The MAC report highlighted significant use of the Tier 2 (ICT) route to service third party contracts (particularly in the IT sector), which is permitted under the Immigration Rules but was not originally an intended use of the route. In light of this, the MAC has proposed that the Government creates a new category under Tier 2 specifically designed for third party contracting. The new route would require migrants to be paid a minimum salary of £41,500, which will no doubt act as a severe deterrent to using this new route, not least as the MAC has also recommended that consideration should be given as to whether the new route should be subject to the Resident Labour Market Test (RLMT) and even a cap to the number sponsored under this route in each sponsoring organisation.
Furthermore the MAC proposed the Government to commission a separate in-depth review of skills shortages within the IT sector and has strongly recommended that any changes implemented to the Tier 2 (ICT) category should be kept under active review.
Tier 2 (General)
We advised in our response to the MAC that Tier 2 (General) should not be restricted to an expanded Shortage Occupation List (only containing jobs which are deemed to be 'genuine skills shortages' and 'highly specialist experts') and that jobs on the Shortage Occupation List should continue to be reviewed by the MAC rather than being removed automatically after a certain period of time. We are therefore pleased to see that the MAC has recommended the Government not to change the Shortage Occupation List and that automatic removal of jobs from the List should not be implemented, given that their own reviews provide the best mechanism for identifying which jobs should be added or removed from the List.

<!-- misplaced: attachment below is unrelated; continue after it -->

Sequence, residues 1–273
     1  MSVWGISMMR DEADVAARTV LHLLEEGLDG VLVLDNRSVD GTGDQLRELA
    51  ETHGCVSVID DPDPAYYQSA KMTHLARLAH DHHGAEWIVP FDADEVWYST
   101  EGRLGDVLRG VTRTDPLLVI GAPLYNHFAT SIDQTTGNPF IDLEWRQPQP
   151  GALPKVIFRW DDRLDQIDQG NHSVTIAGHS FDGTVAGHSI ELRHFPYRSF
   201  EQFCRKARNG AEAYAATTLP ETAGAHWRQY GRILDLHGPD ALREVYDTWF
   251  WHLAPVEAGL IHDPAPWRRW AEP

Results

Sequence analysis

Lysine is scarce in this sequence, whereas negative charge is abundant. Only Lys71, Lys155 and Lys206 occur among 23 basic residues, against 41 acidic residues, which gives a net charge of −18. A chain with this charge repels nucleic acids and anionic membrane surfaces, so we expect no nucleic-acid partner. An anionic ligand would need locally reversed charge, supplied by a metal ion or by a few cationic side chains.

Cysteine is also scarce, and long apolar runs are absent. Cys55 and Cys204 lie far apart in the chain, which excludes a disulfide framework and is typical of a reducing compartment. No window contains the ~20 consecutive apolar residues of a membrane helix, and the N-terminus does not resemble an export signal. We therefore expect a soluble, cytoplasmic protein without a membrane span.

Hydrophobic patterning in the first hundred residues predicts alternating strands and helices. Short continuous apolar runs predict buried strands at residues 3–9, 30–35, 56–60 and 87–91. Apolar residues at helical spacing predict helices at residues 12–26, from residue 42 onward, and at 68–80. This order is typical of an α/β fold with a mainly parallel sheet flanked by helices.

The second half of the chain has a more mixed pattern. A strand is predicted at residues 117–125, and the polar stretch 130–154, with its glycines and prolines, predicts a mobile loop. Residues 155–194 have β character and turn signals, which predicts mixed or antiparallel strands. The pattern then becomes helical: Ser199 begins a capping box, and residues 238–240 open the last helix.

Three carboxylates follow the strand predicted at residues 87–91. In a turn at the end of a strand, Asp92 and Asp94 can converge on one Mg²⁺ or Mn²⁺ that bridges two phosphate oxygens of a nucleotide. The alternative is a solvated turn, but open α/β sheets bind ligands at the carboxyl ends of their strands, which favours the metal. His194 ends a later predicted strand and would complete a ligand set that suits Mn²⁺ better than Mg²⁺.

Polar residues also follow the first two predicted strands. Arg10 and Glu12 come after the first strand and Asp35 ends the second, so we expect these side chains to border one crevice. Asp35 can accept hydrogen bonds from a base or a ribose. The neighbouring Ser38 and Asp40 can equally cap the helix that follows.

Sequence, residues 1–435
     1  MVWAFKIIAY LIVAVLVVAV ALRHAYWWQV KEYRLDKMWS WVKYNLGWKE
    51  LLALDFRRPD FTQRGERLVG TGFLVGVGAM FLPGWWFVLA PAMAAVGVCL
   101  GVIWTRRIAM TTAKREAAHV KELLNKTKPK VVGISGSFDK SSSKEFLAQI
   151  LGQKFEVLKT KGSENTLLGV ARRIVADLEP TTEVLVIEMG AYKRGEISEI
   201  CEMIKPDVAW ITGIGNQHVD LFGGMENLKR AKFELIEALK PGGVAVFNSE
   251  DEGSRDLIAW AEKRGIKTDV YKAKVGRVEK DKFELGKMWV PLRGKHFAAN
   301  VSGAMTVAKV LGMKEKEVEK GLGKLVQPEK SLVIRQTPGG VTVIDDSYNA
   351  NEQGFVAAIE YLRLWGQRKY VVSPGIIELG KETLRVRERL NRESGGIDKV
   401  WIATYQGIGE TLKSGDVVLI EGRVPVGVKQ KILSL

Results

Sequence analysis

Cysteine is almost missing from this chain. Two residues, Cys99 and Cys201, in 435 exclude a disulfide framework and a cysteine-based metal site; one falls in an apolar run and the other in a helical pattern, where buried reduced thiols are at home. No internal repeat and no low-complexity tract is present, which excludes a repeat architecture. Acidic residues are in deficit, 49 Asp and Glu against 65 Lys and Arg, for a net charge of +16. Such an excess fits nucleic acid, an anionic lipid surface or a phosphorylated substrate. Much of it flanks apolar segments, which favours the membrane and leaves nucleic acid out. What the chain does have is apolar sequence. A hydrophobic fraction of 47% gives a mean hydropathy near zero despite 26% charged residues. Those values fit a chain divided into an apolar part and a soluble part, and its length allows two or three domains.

The MAC has suggested that the RLMT is a crucial element of the Tier 2 (General) process and should be retained, however it needs to be improved to increase effectiveness and efficiency. Additionally, the current Restricted Certificate of Sponsorship (RCoS) allocation system which ranks roles by salary, has been deemed by the MAC as being 'the most objective way of prioritising applications'. However as low paid roles, such as those in the public sector and graduates roles, are being disadvantaged in the allocation process the MAC proposes that public sector roles should be given temporary priority in the short term and graduate roles should receive a £7,000 uplift.
Although on the one hand these suggested changes are welcomed, the MAC has also regrettably recommended the Government to consider requiring Tier 2 (General) in-country switching applications to be subject to the RLMT and included under an extended Tier 2 annual cap.
Automatic right to work for dependants
The MAC has recommended the Government to continue to allow Tier 2 dependants automatic access to the UK labour market, in line with our and many others' feedback to the MAC's recent consultation. As with restrictions on Tier 2 main applicants, the MAC conceded that restricting Tier 2 dependants' right to work in the UK would not have any significant impact on overall Tier 2 net migration numbers and would unlikely affect employers demand for overseas workers.
The MAC report has been sent to the Government for consideration, and although there is no obligation for the Government to implement any of the recommendations past experience indicates that most of the changes will be applied.
Please note that until the Immigration Rules have been changed (which is most likely to be in April 2016), the current requirements under Tier 2 apply to the sponsorship of migrant workers. We shall update you as soon as the Government has announced any changes to the Rules and advise you on how the changes may affect you and your business.